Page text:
If the exterior checks out, the next step is checking the interiors. Other than the usual wear and tear spots, check for broken panels and test out all the features and switchgear like air conditioning, radio, steering wheel controls, and more.
Also, check for any musty smells, check under the carpet for signs of water damage. If the carpet feels damp, then there could be water ingress into the cabin or the car could’ve been flooded at some point.
Do a thorough check in the engine bay for any leaking gaskets or hoses. Check all fluid levels and check if the oil is filled to the correct mark. If the oil has milky residue in it, chances are, the head gasket is blown which could be an expensive repair.
Does Mileage Matter?
As a general rule of thumb, a car left unused will usually have more issues than a car used regularly with timely maintenance done. There have been several reports about car dealers rolling back the odometer to get a better deal. If the mileage and price seem too good to be true, then chances are the odometer has been rolled back and you should walk away from the deal. Also, check if the car comes with maintenance records.
Vehicle History Report
You can get a complete vehicle history online at many websites by paying a fee. If you’re strongly considering a car, it’s a good idea to check its history to make sure there are no hidden incidents.
The VIN can also be checked to see if it matches up to all the documents. Websites like NHTSA will reveal any recalls on the particular model by submitting the VIN. Moreover, VINSPY can also be a great consideration in this regard.
Test Drive the car
Once you zero in on a car, take it for an extensive test-drive. Check if all the warning lights come on when the key is turned to the “ON” position, and if any lights come on during the test drive. If possible, cold start the car to check if there are any unusual noises when the engine is warming up. During the test drive, check for any strange movements, noises, and temperature spikes. Make sure you drive it both in the city and on the highway. Once done, check underneath for leaks. It is normal for a car to drip water from the condenser, but if you find any dark liquid under the car, its mot probably an oil leak that will need to be addressed.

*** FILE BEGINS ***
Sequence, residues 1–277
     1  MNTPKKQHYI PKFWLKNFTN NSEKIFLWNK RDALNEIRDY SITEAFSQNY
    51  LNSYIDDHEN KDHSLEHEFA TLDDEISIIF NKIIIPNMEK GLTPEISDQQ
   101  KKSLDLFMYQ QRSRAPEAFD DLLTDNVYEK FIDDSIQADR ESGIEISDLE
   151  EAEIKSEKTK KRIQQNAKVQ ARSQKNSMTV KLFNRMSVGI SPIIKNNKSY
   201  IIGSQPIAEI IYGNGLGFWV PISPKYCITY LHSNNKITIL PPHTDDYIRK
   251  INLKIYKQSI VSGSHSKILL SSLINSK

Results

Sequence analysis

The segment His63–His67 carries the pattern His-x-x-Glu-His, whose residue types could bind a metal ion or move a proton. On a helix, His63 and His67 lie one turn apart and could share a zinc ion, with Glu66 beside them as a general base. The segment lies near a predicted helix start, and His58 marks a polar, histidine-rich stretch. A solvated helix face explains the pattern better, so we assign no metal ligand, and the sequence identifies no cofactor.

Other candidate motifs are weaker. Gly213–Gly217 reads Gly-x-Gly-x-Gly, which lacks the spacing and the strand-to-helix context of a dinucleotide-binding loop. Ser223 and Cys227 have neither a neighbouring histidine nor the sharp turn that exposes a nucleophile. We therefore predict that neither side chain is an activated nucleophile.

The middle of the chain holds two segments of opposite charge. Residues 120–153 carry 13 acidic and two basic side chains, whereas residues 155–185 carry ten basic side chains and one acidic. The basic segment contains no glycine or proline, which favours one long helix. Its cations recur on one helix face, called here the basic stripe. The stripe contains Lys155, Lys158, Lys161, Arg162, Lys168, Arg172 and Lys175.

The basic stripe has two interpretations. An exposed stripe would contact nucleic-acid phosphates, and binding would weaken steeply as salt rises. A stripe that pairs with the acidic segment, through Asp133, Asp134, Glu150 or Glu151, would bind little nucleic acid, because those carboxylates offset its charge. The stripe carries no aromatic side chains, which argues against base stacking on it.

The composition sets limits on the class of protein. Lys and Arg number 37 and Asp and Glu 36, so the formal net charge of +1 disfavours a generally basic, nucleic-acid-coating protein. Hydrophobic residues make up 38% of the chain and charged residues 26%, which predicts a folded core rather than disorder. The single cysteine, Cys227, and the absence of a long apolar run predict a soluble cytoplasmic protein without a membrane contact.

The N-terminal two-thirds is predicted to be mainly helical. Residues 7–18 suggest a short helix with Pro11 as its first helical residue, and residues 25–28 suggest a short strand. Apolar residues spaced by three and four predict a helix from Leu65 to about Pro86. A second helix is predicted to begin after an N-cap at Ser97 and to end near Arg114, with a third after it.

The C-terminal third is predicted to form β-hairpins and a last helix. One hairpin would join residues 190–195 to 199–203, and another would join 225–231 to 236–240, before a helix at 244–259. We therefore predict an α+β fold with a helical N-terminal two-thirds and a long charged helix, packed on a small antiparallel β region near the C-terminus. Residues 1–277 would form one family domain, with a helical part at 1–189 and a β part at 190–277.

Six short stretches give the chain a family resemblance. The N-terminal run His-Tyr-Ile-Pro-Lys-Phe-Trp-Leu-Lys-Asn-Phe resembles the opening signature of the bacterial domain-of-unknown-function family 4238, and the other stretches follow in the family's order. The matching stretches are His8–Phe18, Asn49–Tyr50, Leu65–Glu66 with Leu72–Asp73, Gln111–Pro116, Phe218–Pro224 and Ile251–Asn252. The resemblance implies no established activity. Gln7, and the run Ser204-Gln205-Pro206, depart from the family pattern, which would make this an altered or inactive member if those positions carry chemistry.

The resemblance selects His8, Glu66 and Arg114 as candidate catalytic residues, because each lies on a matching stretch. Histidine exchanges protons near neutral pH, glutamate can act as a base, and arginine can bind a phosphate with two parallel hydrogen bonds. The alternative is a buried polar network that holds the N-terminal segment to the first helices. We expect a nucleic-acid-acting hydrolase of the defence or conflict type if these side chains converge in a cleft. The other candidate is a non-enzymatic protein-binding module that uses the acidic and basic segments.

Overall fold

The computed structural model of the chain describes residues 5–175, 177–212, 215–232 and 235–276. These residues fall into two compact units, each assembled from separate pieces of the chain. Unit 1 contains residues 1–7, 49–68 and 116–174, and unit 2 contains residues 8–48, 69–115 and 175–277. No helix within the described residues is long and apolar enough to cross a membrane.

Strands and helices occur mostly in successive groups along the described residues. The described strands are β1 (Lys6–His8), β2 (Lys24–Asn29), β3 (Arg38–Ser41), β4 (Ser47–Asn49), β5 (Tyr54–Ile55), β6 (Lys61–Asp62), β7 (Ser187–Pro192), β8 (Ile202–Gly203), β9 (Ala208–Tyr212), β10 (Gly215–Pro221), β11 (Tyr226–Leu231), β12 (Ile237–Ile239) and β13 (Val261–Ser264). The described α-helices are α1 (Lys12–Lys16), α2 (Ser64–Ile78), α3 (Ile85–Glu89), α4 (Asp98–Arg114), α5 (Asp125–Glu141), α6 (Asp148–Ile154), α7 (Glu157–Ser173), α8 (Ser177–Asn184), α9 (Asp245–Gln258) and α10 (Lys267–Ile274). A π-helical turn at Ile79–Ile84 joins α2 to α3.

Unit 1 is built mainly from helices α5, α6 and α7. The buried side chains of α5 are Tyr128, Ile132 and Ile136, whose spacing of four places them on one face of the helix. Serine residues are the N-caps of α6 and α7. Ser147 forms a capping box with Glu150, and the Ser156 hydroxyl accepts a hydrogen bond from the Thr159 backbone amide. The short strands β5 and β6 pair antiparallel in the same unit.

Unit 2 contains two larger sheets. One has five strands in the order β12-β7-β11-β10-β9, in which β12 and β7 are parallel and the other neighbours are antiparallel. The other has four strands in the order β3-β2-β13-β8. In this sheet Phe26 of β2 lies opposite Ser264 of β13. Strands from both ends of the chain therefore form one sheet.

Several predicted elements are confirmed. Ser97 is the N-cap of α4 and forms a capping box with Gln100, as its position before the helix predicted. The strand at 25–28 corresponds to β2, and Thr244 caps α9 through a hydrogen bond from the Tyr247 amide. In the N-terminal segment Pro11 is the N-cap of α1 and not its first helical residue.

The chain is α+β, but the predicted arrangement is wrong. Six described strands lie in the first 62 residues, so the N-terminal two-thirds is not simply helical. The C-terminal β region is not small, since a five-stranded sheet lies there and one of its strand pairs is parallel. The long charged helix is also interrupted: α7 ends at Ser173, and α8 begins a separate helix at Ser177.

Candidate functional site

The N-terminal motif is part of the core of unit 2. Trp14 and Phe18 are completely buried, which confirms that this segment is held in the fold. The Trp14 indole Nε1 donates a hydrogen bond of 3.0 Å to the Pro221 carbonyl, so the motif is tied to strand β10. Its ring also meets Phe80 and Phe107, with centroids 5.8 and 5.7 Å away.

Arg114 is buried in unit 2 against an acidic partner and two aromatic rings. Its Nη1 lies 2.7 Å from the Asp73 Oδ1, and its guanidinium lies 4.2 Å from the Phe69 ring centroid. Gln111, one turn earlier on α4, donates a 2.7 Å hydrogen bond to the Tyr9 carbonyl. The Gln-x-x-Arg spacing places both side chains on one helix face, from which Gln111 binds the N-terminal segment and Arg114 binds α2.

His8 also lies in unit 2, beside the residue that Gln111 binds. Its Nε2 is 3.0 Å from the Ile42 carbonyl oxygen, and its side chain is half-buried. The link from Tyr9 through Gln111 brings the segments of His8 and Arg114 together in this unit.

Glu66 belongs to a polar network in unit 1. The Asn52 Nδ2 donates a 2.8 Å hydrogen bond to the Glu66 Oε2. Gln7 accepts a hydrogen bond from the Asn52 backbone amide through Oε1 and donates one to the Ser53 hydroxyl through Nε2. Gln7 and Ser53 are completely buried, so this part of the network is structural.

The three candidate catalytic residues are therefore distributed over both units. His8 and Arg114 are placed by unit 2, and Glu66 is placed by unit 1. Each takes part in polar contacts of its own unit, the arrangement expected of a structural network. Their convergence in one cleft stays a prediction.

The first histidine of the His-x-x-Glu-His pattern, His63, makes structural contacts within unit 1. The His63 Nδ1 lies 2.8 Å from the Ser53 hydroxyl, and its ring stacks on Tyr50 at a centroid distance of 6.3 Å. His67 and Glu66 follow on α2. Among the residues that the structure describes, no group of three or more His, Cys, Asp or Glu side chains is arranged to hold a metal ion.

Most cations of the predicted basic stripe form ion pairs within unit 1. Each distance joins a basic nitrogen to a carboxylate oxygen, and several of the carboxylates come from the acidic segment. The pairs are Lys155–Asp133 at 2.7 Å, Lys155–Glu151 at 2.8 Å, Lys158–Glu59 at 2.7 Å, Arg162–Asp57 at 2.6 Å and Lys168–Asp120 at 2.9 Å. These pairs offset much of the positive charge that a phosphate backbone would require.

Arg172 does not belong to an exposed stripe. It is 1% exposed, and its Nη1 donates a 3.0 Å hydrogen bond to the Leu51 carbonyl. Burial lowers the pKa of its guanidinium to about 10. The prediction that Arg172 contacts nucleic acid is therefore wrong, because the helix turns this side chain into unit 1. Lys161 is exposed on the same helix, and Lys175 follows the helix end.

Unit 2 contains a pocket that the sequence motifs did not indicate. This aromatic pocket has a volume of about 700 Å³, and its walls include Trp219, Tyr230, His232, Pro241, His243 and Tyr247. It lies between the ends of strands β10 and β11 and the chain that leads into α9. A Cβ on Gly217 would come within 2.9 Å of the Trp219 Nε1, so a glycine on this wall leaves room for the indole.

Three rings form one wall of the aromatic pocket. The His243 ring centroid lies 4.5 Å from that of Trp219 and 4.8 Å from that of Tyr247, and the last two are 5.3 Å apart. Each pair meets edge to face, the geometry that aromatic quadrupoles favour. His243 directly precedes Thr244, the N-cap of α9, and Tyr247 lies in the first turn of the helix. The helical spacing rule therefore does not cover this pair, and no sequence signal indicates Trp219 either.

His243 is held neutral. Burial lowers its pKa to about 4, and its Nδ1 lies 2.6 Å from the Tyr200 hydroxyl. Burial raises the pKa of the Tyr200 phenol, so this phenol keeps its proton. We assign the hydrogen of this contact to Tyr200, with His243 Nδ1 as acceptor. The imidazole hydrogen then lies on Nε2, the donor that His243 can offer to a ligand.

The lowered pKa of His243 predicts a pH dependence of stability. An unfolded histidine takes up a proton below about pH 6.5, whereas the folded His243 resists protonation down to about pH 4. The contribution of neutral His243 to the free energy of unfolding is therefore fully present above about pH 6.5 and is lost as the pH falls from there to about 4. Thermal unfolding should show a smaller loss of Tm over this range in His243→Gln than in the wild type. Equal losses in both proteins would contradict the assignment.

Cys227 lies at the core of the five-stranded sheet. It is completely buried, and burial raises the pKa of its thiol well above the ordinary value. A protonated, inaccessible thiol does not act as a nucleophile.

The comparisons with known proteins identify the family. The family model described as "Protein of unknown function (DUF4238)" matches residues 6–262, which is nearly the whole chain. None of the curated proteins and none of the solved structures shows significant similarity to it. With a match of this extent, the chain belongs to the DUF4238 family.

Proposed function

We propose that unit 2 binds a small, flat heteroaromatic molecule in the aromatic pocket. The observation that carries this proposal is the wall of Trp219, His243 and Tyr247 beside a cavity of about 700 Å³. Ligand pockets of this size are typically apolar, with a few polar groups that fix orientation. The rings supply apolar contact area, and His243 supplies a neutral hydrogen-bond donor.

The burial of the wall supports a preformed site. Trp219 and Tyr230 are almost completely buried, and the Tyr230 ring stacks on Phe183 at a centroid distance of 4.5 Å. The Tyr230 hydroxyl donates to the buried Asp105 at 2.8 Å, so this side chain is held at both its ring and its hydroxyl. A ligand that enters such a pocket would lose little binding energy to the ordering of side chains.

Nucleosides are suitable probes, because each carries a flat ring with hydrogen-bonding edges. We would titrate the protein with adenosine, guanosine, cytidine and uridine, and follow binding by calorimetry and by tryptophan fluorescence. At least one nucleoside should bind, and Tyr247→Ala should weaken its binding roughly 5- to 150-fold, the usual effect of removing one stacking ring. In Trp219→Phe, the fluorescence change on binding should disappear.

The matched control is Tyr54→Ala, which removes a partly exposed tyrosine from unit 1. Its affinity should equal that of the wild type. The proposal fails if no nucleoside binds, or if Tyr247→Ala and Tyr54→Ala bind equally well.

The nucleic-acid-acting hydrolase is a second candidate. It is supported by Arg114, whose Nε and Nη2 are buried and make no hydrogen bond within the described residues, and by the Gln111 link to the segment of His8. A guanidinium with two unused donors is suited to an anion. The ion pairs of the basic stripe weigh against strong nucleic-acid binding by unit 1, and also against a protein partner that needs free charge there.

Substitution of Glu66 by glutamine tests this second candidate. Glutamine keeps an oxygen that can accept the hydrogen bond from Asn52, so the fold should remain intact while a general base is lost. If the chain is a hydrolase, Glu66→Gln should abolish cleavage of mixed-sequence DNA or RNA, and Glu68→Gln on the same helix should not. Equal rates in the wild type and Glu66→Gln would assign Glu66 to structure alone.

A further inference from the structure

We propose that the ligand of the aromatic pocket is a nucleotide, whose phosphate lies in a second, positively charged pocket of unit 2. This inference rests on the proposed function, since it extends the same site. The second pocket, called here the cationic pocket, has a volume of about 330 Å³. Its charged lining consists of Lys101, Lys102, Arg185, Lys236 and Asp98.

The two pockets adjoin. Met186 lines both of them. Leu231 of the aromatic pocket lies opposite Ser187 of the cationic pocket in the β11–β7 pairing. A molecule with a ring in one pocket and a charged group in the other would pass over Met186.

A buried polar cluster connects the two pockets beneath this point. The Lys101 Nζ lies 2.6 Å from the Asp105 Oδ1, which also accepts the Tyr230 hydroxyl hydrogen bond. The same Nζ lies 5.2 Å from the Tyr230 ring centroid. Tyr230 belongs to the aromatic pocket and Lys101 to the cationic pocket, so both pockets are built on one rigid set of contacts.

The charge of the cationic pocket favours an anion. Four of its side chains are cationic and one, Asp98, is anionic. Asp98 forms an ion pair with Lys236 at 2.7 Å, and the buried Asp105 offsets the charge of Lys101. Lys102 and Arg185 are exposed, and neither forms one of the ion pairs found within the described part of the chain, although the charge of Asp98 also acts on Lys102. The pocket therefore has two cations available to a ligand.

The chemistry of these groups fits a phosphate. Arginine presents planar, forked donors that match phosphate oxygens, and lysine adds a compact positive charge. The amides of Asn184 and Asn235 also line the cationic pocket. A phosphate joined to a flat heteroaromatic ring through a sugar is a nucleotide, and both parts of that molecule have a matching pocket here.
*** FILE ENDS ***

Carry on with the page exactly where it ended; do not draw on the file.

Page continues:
If possible, take the car to a known mechanic who can thoroughly check the condition of the car and find hidden issues if there are any.
Negotiating a fair price
If the car passes all the previous checks, then the next step is to negotiate for a fair price. Look around the internet and at other dealers to see how much the car goes for and negotiate accordingly. Small blemishes like scratches and dents can reduce the value of a car so negotiate accordingly. There are a lot of online tools at your disposal to check dealer prices for every model, including KBB and National Automobile Dealers Association Guides.
Also, avoid rushing when purchasing a car. Take your time and do a lot of research to avoid any headaches in the future.
Following these steps may help you find a great deal for a car that meets your needs and your budget.